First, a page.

It’s the time of year for saving money!
In my August 29 music review I wrote about the new work by Michael McDermott titled Willow Springs. Because of space limitations I was unable to really go into any measure of detail of this magnificent album. Simply put, “Willow Springs” is the best new release I’ve heard this year – regardless of the artist or genre.
It is decidedly an understatement to say I cannot recall being so excited by an artist’s new work. Shortly after listening to the review sample about twenty times, I went online and ordered McDermott’s initial release, the one that got things started, 620 W. Surf – which was the address of his Chicago apartment in the 1970’s. I’ve also since ordered two additional releases and honestly, they’re all wonderful.
In reading about his meteoric rise upon the release of 620 W. Surf, I also discovered that shortly after it’s debut McDermott had a fall from grace. Soon enough, the temptations of fame caught hold and before he was probably even aware of it, he was addicted to both alcohol and drugs. For nearly the next two decades, his life was anything but sober. Still, the need to create music never subsided and he released about a dozen works through the drug and alcohol addled days subsequent to Surf.
McDermott was once quoted as saying “By the time I was 24 I was over” which was certainly the case. What started as comparisons to Dylan and Springsteen, appearances on MTV, reviews in Rolling Stone and The New York Times and even hanging out with Steven King at a Chicago Cubs game eventually became quite the opposite.
One night a security guard had to break down his door because it was feared he had overdosed. Another time, extremely high on cocaine, he was attacked by a stripper with a pair of scissors. Dressing rooms after concerts always seemed to have plenty of alcohol and cocaine, his drug of choice at the time. He had, on occasion, even freebased cocaine during recording sessions. Friends and family members staged more than one intervention, fearing his life would soon end if something didn’t change. Not surprisingly, there was even a stint in the Cook County jail. His addiction to drugs and alcohol lasted almost two decades. What was once so promising a career was derailed before the train even left the proverbial station.
This is not really so surprising. How many immensely talented artists have had their career and even their life cut short because of addictions? McDermott’s probably started in what I would imagine was innocent enough at the time. “Here, try this” was probably how it began. With the feeling of invincibility shouldered by youth and the excitement of fame, the perils of addiction to a 21-year-old could probably not have felt more remote. Yet, like so many others, addiction came far too easily and held its grasp for far too long.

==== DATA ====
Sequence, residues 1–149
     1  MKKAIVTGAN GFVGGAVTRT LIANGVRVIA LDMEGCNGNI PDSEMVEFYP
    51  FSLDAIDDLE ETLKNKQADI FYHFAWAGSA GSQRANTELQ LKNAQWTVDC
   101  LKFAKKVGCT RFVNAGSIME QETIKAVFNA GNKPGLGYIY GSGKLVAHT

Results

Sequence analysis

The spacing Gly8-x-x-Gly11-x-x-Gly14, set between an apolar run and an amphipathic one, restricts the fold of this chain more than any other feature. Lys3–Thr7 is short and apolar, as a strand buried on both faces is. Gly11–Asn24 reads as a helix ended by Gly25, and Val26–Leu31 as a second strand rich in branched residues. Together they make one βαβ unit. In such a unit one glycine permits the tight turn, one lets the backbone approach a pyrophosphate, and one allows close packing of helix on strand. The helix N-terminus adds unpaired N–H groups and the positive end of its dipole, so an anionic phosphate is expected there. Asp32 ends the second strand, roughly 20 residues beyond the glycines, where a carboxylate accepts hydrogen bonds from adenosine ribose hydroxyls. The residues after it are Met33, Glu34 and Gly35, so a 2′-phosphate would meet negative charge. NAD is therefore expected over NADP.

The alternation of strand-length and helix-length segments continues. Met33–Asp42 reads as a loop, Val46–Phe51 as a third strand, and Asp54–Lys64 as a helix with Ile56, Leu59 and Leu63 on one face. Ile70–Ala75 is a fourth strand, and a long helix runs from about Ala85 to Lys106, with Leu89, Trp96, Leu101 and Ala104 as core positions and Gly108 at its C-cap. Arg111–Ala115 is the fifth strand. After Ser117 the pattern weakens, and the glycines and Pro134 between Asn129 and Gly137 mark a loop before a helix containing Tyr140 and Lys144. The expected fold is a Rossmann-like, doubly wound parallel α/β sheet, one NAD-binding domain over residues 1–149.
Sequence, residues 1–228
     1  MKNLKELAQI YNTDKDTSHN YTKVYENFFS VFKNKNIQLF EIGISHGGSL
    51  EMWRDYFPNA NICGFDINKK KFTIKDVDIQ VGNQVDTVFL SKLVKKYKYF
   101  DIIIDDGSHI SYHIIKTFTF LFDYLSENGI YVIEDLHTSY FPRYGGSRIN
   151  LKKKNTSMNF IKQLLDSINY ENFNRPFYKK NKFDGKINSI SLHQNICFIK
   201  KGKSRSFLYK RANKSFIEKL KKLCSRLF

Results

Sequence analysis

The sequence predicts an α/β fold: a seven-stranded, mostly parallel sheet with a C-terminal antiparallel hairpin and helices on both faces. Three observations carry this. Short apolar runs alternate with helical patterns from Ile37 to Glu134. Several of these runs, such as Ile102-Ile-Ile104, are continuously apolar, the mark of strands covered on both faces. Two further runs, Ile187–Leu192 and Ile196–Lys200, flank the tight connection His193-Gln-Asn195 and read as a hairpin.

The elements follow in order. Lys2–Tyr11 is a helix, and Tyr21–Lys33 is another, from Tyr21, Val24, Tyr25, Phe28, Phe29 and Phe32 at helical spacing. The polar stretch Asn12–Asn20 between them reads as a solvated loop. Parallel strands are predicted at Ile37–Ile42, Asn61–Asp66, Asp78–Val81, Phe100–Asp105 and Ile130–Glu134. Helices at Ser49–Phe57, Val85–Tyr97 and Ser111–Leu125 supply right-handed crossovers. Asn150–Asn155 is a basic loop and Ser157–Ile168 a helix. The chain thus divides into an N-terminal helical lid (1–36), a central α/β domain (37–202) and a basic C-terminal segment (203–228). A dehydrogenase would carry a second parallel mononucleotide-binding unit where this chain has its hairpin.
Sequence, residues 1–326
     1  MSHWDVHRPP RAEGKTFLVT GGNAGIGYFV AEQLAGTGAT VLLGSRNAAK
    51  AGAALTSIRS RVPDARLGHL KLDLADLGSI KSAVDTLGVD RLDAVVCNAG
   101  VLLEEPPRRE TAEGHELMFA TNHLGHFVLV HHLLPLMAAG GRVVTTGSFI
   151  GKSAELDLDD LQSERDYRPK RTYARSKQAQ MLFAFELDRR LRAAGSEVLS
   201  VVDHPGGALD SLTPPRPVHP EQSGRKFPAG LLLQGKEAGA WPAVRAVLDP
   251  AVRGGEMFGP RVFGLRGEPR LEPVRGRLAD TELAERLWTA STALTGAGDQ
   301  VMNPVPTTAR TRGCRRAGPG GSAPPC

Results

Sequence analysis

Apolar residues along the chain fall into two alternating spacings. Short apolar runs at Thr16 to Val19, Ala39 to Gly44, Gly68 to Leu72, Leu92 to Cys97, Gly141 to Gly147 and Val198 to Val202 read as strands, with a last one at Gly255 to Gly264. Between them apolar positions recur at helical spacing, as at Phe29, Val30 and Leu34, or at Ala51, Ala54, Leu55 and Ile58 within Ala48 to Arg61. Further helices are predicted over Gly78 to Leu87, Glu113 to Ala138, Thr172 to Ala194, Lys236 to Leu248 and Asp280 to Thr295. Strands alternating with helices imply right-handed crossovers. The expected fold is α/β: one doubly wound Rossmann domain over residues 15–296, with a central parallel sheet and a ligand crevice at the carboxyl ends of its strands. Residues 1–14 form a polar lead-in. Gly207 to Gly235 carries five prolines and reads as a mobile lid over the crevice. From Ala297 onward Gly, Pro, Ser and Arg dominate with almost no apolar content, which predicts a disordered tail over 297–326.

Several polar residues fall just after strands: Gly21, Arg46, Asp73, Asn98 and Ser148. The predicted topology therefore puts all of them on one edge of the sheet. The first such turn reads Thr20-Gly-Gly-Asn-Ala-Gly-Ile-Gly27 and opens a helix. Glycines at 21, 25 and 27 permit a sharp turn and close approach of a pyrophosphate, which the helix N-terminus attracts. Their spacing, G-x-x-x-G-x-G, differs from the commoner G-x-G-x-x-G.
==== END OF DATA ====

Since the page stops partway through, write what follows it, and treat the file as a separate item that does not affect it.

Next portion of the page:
Eventually, it was the addition to the band of a violinist named Heather Horton that proved to be McDermott’s salvation. Horton had been in the band for several years before he really took notice of her. Her insistence that he be sober and drug free before beginning any relationship probably saved his life and ultimately founded a marriage and family. Their daughter, Rain, takes her name from a song on the album Gethsemane called “The Idler, the Prophet and a Girl Called Rain.” While he does have a drink from time to time, he has remained drug free. Again, McDermott credits his wife, Heather, because the look of disappointment in her face is stronger than the lure of drugs. Needless to say, he also doesn’t want to let down his daughter.
When I first started the review of Willow Springs, I couldn’t help but see the uncanny resemblance in his voice to both Dylan and Springsteen. This makes perfect sense as he has had those comparisons his whole career. What really captivated me more than any musical excellence was his lyrics.
As an audiophile its fair to say I tend to gravitate towards the sonics of a song – how the instruments sound on my system. Upon first hearing Willow Springs however, I was immediately taken by McDermott’s pervasive lyrical talents. His lyrics are complex and full of meaning. In Willow Springs, he writes about loosing and gaining sobriety, marriage, the birth of his child, moving from Chicago, and the loss of his Father.
In “Butterfly,” from Willow Springs, a song about addiction, McDermott writes: “T’was a junkie girl in my world / And everything began to twirl / And it spun so that I couldn’t even stand / She had many charms, I heard alarms / She stuck needles in my arm / And I guess that’s when the trouble began.”
I can’t even begin to identify with the tortures McDermott and his family have faced and conquered in his lifetime. What I can say is the talent he displayed in 620 W. Surf has returned. His music, sometimes simply a guitar and other times very complex, makes me think, makes me listen. I have always enjoyed anything well written and his lyrics are certainly that.
While conducting the review I discovered something completely unexpected. Because sonics are always part of a review, I obviously listen to the sound quality. But midway through track one, I found myself listening to the words and trying to uncover their meaning. I was simply listening to music, thinking, absorbing what this talented musician was trying to say. A review would come later. I became absorbed in the music and its message. And isn’t that what music is supposed to accomplish?